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In the German book Usability und UX kompakt by Michael Richter and Markus Flückiger (Springer, 2016, page 159), I found the following quote, which the authors attribute to Denis Diderot:

Die einen, so scheint mir, haben viele Werkzeuge und wenig Ideen; die anderen haben viele Ideen und gar keine Werkzeuge.

My translation:

Some, it seems to me, have many tools and few ideas; (the) others have many ideas and no tools at all.

What is the exact source of this quote and what was the wording of the original version in French? The German Wikiquote page and the French Wikiquote page don't seem to list the quote. A search for diderot outils idées "les uns" "les autres", but Diderot may have used a different word than "outils" for "tools".

  • Why don't you ask the authors of the book? – kimchi lover Nov 14 at 11:45
  • @kimchilover Assuming they got it from the original French source is a rather bold assumption, isn't it? – IkWeetHetOokNiet Nov 14 at 11:48
  • Send an email to Richter and/or Flückiger asking where they got the quote. They might possibly have a good source (that is, one you can use to find a place where D actually wrote something like that) or possibly they don't. – kimchi lover Nov 14 at 11:52
  • @kimchilover There are countless collections of quotes that don't mention the quote's original source. For example, GuteZitate.com lists that quote without mentioning its source. Authors often use that sort of source. – IkWeetHetOokNiet Nov 14 at 11:55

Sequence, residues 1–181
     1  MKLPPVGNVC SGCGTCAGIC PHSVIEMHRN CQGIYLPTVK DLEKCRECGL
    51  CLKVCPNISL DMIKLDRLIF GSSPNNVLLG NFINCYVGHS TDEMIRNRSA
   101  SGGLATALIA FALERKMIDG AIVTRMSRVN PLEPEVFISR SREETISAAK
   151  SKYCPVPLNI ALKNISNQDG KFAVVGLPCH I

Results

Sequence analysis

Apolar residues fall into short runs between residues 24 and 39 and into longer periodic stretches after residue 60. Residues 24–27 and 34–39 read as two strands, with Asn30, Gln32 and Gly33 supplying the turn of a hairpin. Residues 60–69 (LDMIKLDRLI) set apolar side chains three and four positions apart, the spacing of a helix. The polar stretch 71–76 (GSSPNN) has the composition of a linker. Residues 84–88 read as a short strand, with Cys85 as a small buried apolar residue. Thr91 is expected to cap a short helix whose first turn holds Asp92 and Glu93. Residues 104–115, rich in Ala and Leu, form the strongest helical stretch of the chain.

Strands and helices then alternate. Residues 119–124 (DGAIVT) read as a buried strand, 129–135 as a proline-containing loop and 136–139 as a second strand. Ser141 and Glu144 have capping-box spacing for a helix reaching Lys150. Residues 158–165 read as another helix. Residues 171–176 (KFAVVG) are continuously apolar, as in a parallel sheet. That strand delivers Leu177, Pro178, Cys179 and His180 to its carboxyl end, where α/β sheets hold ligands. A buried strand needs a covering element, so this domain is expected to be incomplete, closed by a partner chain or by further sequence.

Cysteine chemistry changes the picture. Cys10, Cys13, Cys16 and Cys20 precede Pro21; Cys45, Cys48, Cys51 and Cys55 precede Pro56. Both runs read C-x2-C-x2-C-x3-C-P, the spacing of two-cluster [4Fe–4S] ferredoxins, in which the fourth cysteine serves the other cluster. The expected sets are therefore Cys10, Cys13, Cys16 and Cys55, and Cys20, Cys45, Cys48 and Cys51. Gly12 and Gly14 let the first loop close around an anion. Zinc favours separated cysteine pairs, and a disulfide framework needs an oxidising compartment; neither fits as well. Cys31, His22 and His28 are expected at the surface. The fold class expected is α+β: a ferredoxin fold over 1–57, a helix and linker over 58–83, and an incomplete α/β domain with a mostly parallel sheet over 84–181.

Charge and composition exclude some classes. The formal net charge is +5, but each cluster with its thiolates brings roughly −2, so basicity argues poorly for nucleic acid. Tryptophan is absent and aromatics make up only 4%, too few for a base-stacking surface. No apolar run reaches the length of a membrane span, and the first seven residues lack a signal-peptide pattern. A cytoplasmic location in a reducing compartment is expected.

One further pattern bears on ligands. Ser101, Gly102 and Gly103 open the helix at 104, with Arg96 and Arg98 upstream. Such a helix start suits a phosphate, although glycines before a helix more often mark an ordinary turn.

• Yes, and so what? Find out if R and F was in that class or not. Punish them, at least, with the search for truth. – kimchi lover Nov 14 at 11:57
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After some more research, I found out that "outils" was a red herring; Diderot used the word "instruments" in the original quote. Its source is Pensées sur l'interprétation de la Nature, which Diderot first published anonymously in 1753 and edited for republication in 1754 (see the French Wikipedia article).

Here is the original version:

Ce seront ou des vues générales sur l'art expérimental, ou des vues particulières sur un phénomène qui paraît occuper tous nos philosophes, et les diviser en deux classes. Les uns ont, ce me semble, beaucoup d'instruments et peu d'idées; les autres ont beaucoup d'idées et n'ont point d'instruments.

My translation:

These will be either general views on (the art of) experimentation, or specific views about a phenomenon that appears to keep all of our philosophers occupied and divide them into two categories. Some, it seems to me, have many instruments/tools and few ideas; the others have many ideas and no instruments/tools at all.

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